April 9, 2013 Leave a comment
The passage of an anti-discrimination ordinance in Pocatello maybe still to close to call, but that doesn’t mean its supporters are just sitting around waiting for a final vote.
City council members heard from dozens of supporters of the ordinance last week during a public testimony meeting. According to the Chair of the Human Relations Advisory Committee for the city of Pocatello and a key supporting figure of the law, Susie Matsuura, approximately 200 residents turned out last Thursday to hear testimony and speak in favor of the ordinance that would ban discrimination based on sexual orientation or gender identity in housing, employment and public accommodations.
“Just the numbers of people who turned out last night took my breath away, and their impassioned testimony – oh my. I can’t think of the words to praise them for their bravery and passion in coming forward to share a very personal part of their lives,” said Matsuura in a press release.
Matsuura said she “urges all to thank the Pocatello City Council and Mayor for the opportunity to speak out on this important issue. The city leaders took the time to really hear the voices and see the “beating hearts” of some of their most vulnerable constituents.”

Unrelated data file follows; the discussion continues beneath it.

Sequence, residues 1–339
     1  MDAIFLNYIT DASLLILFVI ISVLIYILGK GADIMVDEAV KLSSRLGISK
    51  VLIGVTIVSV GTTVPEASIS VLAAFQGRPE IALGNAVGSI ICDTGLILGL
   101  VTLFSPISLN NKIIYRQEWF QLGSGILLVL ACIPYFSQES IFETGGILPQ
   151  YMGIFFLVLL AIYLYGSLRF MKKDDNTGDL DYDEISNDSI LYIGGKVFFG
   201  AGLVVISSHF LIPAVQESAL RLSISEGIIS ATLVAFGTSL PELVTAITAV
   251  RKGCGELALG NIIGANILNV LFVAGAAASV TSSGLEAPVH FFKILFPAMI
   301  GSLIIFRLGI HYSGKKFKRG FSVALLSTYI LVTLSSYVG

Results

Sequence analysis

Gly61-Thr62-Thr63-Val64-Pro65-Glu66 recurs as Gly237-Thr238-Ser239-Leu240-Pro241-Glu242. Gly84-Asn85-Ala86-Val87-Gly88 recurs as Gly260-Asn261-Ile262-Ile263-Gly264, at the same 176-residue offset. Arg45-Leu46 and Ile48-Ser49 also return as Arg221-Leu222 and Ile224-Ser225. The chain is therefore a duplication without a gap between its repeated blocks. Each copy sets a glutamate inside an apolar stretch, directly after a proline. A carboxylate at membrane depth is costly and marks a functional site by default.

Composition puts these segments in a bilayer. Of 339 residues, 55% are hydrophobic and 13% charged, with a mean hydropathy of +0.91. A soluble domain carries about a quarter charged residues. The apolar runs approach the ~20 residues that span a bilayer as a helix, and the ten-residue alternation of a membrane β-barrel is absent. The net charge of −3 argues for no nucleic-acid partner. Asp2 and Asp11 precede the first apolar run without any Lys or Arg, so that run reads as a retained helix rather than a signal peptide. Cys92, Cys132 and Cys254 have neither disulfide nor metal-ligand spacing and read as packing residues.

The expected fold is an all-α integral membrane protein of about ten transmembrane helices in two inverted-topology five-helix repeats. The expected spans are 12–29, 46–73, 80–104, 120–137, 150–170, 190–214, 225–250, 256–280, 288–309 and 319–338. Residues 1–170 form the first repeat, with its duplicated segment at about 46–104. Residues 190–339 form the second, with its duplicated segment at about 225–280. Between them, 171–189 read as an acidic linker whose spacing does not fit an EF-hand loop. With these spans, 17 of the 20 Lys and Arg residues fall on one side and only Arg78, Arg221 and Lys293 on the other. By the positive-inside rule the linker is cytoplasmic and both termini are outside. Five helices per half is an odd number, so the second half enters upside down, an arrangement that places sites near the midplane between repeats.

During the meeting State Senator Roy Lacey, D-District 29, spoke in favor of the ordinance, telling the council members he believed the measure would benefit the community as a whole.
Former city council woman and state representative, Donna Boe, also spoke. She said she empathized with the council as they deliberate their decision, but she encouraged them to view the measure favorably.
The meeting was filled with several emotional moments. Despite the fact that they could lose their jobs and their housing, four residents “came out” publicly for the first time to support the measure, including Gloria Mayer, a 63-year old grandma. Mayer noted, “I am gay. That is the first time I have said that publicly. It is not that I’m embarrassed to be gay. But I have always felt that who I love is nobody’s business. ‘Sometimes you have to stand up for what you believe in,’ so here I am.”
Following the meeting, supporters were encouraged to send notes of thanks to the city council members. A Facebook group set up to keep citizens informed about the ordinance is also encouraging folks to show their support by taking the following steps:
1. Plan to come to the next city council meeting on April 18, city hall, 6 p.m., earlier if you want to get a seat — they need to see our beating hearts and see our faces — AGAIN. We are real people with lives.
2. Write letters and emails, even very short ones that just say, “pass the ordinance” to the city council and if you want, the mayor.
3. Make one-on-one appointments with Councilmen Jim Johnston and Steve Brown. Let them hear from you, your personal story.